26 F.3d 1013
Louis J. MALEK, Plaintiff-Appellant,
H.L. (Pete) HAUN, Chairman, Utah Board of Pardons and
Parole; Don Blanchard, Member, Utah Board of Pardons and
Paul Larsen, Hearing Officer/Staff Member, Utah Board of
Pardons, in their individual and official capacities,
United States Court of Appeals,
June 10, 1994.
Louis J. Malek, pro se.
Before LOGAN, SETH and BARRETT, Circuit Judges.
BARRETT, Senior Circuit Judge.
After examining the briefs and the appellate record, this panel has determined unanimously that oral argument would not materially assist the determination of this appeal. See Fed.R.App.P. 34(a); Tenth Cir.R. 34.1.9. The cause is therefore ordered submitted without oral argument.
Louis J. Malek (Malek), appearing pro se and in forma pauperis, appeals from the district court's Order which adopted the magistrate judge's recommendation and dismissed Malek's 42 U.S.C. Sec. 1983 action as "frivolous" pursuant to 28 U.S.C. 1915(d).
Malek brought this Sec. 1983 action against Defendants Pete Haun, Chairman, Utah Board of Pardons and Parole; Don Blanchard, Member, Utah Board of Pardons; and Paul Larsen, Hearing Officer/Staff Member, Utah Board of Pardons, in their individual and official capacities. In his complaint, Malek alleged that: he was denied an opportunity to appeal the parole board's decisions; he was denied access to the parole board's standards and criteria; he was denied access to his prison record or files; he was denied counsel at the parole board hearings; the parole board used an improper parole determination scheme; the parole board failed to credit his sentence; the parole board used improper eligibility criteria; and the parole board improperly applied parole criteria retroactively. Malek alleges that these actions denied him due process of law, subjected him to cruel and unusual punishment, subjected him to double jeopardy, and resulted in an ex post facto application of the law thus violating the Fifth, Eighth, and Fourteenth Amendments, and Article I, Section 10, Clause 1 of the United States Constitution. Malek requested compensatory damages, declaratory, and injunctive relief.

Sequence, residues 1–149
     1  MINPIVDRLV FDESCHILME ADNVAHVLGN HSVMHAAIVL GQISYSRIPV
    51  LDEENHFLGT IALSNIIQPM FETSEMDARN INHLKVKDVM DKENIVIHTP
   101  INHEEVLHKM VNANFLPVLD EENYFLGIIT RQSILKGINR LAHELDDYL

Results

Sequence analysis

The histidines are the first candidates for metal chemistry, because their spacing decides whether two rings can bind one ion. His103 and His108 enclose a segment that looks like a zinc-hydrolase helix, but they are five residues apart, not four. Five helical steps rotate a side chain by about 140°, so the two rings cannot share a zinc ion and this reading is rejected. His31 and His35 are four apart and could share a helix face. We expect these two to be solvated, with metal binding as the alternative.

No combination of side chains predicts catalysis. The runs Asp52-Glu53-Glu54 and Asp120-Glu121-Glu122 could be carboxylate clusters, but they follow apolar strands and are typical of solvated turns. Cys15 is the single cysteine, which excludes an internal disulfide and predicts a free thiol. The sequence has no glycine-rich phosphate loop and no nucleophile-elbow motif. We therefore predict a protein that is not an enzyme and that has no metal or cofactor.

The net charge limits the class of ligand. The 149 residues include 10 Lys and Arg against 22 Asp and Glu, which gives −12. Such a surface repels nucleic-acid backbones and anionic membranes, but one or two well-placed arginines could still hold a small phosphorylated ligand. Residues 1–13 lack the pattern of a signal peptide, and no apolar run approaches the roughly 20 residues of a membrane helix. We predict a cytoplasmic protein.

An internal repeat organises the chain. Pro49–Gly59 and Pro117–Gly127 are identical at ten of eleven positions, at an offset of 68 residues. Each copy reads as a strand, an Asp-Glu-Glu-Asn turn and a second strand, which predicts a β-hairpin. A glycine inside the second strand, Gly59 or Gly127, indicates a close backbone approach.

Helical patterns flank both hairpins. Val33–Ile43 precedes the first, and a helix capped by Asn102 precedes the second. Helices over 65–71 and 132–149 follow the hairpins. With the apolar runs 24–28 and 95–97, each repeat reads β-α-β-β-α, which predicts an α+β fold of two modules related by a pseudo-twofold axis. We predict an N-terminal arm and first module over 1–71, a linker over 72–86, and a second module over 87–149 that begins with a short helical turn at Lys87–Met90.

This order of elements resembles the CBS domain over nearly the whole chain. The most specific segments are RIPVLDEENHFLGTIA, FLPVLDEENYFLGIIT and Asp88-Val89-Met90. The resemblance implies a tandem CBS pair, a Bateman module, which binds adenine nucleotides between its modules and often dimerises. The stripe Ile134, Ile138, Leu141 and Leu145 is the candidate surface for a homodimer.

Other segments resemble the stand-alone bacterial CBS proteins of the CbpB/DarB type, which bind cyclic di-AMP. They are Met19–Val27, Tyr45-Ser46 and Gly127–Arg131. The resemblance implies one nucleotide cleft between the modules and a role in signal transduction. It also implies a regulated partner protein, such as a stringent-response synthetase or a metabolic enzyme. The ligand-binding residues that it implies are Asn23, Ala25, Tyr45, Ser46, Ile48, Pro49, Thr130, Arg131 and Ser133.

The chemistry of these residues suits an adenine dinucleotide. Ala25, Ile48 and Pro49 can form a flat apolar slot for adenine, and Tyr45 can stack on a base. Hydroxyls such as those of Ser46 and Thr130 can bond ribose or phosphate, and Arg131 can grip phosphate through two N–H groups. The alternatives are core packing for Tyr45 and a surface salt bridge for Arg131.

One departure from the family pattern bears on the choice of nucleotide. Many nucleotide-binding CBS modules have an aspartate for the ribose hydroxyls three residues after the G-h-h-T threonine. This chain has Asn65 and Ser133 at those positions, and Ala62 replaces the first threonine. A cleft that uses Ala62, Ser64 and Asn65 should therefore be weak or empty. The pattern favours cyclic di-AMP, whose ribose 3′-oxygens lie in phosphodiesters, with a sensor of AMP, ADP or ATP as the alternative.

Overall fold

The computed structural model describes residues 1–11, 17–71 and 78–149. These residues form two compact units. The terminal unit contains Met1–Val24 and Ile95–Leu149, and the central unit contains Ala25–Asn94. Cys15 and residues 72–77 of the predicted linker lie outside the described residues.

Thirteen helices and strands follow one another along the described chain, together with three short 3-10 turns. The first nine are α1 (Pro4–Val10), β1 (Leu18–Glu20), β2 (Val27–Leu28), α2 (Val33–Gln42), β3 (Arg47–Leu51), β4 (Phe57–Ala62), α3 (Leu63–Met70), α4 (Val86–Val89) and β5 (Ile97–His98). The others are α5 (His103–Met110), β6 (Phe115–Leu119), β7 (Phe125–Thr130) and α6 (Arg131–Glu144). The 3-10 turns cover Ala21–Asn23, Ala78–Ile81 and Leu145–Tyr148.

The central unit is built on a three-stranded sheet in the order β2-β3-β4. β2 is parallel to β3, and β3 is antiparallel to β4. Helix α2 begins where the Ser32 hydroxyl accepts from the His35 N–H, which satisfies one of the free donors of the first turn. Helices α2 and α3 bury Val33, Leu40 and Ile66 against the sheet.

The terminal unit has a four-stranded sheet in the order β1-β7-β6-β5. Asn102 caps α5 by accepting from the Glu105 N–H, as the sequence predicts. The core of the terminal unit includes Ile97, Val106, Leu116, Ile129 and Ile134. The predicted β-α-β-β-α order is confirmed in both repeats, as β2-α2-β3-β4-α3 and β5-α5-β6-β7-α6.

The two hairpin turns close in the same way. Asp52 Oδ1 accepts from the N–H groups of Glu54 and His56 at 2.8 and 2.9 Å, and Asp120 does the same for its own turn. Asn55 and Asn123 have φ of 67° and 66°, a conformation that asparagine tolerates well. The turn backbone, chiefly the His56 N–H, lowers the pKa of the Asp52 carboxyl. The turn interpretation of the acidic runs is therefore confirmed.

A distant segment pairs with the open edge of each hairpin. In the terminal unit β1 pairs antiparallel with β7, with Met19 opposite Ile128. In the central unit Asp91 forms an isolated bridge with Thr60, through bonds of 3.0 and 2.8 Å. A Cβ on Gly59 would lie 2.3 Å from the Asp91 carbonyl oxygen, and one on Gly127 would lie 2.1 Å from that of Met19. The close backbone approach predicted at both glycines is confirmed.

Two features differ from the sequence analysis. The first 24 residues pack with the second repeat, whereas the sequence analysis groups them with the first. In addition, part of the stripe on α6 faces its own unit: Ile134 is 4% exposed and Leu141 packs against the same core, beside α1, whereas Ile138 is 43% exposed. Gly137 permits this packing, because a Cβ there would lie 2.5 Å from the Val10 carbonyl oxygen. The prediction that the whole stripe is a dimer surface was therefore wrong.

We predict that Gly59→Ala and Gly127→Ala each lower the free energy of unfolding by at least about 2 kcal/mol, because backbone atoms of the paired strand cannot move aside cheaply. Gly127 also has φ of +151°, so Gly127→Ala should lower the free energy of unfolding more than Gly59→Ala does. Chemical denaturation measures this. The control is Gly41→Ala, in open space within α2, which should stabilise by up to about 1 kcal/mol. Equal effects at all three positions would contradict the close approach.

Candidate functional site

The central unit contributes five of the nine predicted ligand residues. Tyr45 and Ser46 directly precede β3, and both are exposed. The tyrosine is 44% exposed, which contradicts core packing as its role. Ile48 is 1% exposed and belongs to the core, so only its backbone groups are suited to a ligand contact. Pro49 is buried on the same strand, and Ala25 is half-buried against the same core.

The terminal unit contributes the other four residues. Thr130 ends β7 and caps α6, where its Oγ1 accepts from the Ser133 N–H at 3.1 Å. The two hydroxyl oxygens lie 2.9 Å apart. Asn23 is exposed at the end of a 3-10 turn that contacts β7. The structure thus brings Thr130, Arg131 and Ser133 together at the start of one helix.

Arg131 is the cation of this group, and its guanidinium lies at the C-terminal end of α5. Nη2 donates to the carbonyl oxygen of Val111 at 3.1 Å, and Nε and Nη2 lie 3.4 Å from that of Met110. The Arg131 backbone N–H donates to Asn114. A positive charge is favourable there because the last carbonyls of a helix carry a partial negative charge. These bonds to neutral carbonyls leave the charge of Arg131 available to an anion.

Malek was originally incarcerated in March, 1983 on two counts of aggravated robbery and attempted murder. For these crimes, he was sentenced to five years to life with additional time of two to six years, to be served consecutively, for firearm enhancements. Malek appeared before the Utah Board of Pardons on July 7, 1984, July 15, 1988, and February 19, 1993. Each time he appeared, Malek was denied parole.
The district court, adopting the magistrate judge's recommendation, ruled that defendants Haun and Blanchard were entitled to absolute immunity from damages. Providing further explanation, the district court ruled that defendant Larsen was entitled to at least qualified immunity and the sole allegation concerning Larsen was insufficient to overcome qualified immunity.
We review for abuse of discretion the district court's dismissal of an in forma pauperis complaint as frivolous. Denton v. Hernandez, --- U.S. ----, ----, 112 S.Ct. 1728, 1734, 118 L.Ed.2d 340 (1992). A complaint is properly dismissed as frivolous under 28 U.S.C. Sec. 1915(d) if, after looking at both factual allegations and legal conclusions, it appears that the complaint lacks an arguable basis either in law or fact. Neitzke v. Williams, 490 U.S. 319, 325, 109 S.Ct. 1827, 1831-32, 104 L.Ed.2d 338 (1989); Taylor v. Wallace, 931 F.2d 698, 700 (10th Cir.1991).
We agree that Malek's complaint is frivolous under 28 U.S.C. Sec. 1915(d). We also agree that the defendants are immune from damages liability based on their entitlement to either absolute or qualified immunity. See Russ v. Uppah, 972 F.2d 300, 303 (10th Cir.1992); Knoll v. Webster, 838 F.2d 450 (10th Cir.1988). However, in addition, we base our decision on a ground separate from that of the district court in order to address Malek's request for declaratory and injunctive relief. We hold that Malek's Sec. 1983 claim is also frivolous because it is based upon an infringement of a legal interest which clearly does not exist under the United States Constitution. See Neitzke, 490 U.S. at 327-28, 109 S.Ct. at 1832-33.
It is well settled law that to establish a claim under Sec. 1983, a plaintiff must allege a deprivation of a federally protected right under color of state law. Marland v. Heyse, 315 F.2d 312, 314 (10th Cir.1963).